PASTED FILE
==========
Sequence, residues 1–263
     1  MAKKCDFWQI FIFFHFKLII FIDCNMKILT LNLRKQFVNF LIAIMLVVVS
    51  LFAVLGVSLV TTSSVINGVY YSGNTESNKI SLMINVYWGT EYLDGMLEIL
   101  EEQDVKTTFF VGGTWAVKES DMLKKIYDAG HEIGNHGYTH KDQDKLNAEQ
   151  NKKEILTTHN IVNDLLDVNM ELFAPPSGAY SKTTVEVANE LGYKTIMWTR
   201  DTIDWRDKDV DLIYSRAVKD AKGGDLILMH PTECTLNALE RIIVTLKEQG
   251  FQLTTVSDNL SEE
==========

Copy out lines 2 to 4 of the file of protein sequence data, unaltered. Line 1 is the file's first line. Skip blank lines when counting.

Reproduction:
     1  MAKKCDFWQI FIFFHFKLII FIDCNMKILT LNLRKQFVNF LIAIMLVVVS
    51  LFAVLGVSLV TTSSVINGVY YSGNTESNKI SLMINVYWGT EYLDGMLEIL
   101  EEQDVKTTFF VGGTWAVKES DMLKKIYDAG HEIGNHGYTH KDQDKLNAEQ